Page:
With over 50,000 attendees and 100+ speakers, AdWorld Conference 2021 definitely catered for the masses this year. However, this didn’t mean that their content was any less specific and relevant. From analysing human behaviour to finding your money words, AdWorld really provided an excellent all-in-one advertising event.
So, looking to 2022, what should advertisers and marketers be focusing on for the future?
- Your keyword ‘Candy Land Zone’
- Optimise for a healthy level of variance
- Ethical advertising provides balanced choices
- Perspective distortion
- Build on owned land
- Expand the client comfort zone
Your keyword ‘Candy Land Zone’
With the world responding to the 2020 crisis and becoming even more reliant on digital technology, advertising needs to be even smarter to filter through the noise.
“Create less content but make it more focused” – Joe Pulizzi
Daniel Nguyen, CEO of WriterZen, described the ‘Candy Land Zone’ as the optimal keyword strategy to harness short and long term customer engagement. Adding a unique 3-5 keyword sentence within content can enable marketers to tap into a niche with high customer demand but low existing websites putting their focused content at the forefront for consumers.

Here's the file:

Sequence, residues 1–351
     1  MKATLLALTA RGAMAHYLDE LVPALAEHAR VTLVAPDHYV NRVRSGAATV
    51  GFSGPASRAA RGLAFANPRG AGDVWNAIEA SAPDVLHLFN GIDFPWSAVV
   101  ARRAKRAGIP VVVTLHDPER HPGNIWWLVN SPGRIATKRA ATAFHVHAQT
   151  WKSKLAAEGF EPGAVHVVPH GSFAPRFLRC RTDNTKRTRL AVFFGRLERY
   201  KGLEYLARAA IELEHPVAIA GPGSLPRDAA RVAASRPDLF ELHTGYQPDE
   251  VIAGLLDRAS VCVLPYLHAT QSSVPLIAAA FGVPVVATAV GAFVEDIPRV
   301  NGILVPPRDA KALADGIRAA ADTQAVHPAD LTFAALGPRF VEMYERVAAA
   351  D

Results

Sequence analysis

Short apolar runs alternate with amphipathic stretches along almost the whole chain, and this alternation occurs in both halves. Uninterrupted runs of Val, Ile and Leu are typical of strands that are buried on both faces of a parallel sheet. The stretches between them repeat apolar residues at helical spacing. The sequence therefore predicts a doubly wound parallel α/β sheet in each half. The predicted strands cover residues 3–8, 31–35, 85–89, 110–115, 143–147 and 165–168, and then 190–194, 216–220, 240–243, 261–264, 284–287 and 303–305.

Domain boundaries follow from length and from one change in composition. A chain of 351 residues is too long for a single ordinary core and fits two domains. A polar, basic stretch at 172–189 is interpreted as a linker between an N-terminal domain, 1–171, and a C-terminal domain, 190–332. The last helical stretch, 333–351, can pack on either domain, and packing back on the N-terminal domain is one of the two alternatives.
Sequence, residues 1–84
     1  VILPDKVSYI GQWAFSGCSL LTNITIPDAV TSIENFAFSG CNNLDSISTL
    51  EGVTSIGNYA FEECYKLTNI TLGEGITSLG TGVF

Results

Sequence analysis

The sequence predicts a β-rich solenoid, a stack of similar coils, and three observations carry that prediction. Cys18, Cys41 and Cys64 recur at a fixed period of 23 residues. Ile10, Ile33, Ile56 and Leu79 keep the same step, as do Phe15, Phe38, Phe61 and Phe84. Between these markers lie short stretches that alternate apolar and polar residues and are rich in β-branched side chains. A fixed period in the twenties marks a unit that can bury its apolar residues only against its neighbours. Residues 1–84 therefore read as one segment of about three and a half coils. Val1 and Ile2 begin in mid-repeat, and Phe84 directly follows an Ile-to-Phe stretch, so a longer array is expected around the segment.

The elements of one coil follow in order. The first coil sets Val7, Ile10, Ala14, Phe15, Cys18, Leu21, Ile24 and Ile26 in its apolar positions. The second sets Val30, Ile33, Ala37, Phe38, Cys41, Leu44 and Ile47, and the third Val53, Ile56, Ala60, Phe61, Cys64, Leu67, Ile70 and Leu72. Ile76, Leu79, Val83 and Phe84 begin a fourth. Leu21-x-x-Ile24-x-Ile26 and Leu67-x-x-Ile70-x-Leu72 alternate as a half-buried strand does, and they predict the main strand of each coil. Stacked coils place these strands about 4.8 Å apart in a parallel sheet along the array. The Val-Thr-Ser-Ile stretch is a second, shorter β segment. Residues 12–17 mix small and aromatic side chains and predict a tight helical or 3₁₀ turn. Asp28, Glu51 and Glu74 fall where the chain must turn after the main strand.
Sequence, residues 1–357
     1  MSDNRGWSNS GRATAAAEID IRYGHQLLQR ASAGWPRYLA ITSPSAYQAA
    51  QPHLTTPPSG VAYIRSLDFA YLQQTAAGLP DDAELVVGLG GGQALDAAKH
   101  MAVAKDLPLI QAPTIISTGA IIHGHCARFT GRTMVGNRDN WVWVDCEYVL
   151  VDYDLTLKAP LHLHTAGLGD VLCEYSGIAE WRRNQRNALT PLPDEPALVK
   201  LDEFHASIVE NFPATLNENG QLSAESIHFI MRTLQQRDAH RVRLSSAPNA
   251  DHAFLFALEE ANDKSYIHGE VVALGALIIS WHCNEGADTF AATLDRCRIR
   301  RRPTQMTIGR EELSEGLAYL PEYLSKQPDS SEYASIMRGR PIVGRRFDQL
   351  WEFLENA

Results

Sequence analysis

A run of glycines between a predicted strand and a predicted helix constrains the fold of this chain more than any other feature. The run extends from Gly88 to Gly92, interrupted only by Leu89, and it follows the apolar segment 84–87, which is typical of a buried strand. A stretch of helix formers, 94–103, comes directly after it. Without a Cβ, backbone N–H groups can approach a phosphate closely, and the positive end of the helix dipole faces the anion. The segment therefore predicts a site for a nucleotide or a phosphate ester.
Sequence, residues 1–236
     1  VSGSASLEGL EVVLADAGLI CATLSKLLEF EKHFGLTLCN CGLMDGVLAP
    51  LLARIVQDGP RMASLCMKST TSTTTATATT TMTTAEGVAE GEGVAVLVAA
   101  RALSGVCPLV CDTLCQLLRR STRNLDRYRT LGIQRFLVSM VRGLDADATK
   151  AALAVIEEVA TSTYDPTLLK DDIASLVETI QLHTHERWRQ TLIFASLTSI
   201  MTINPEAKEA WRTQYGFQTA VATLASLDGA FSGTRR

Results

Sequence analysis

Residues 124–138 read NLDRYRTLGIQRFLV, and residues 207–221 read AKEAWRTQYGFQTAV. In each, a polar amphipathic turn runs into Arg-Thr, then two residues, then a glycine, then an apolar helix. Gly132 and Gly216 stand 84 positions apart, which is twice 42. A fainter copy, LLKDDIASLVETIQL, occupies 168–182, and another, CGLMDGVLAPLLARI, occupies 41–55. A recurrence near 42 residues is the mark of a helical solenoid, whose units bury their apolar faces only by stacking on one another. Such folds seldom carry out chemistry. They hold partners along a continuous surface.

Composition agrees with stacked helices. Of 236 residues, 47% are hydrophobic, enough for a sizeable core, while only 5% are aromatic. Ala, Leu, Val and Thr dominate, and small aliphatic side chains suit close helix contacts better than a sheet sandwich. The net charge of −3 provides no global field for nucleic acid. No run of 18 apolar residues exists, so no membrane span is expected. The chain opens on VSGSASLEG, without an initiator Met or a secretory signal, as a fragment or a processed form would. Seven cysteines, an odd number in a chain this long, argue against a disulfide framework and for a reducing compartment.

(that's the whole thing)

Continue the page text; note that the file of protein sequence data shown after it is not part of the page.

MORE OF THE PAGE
Optimise for a healthy level of variance
‘Rationality and biases in behavioural economics is dangerous’
… expressed Rory Sutherland, Vice Chairman at Ogilvy UK, in his much anticipated Masterclass in ‘Behavioral Economics and Consumer Psychology in Marketing‘.
‘Optimising for the average is a mistake, optimise for a healthy level of variance’ – Rory Sutherland
The system is currently designed for the average person and their decision process, making it very difficult to adjust when something doesn’t go to plan. Referring to Rory’s ‘motorway service station architecture’ analogy, if we make one mistake on a busy motorway and come off at the wrong junction, we must double back on ourselves to get back in the right direction. The motorway architecture appears rational, assuming that people don’t make mistakes, but it’s disastrous for humans making ad-hoc judgments in their own varying way.
‘Creating similar human behaviour leads to market distortion.’ – Rory Sutherland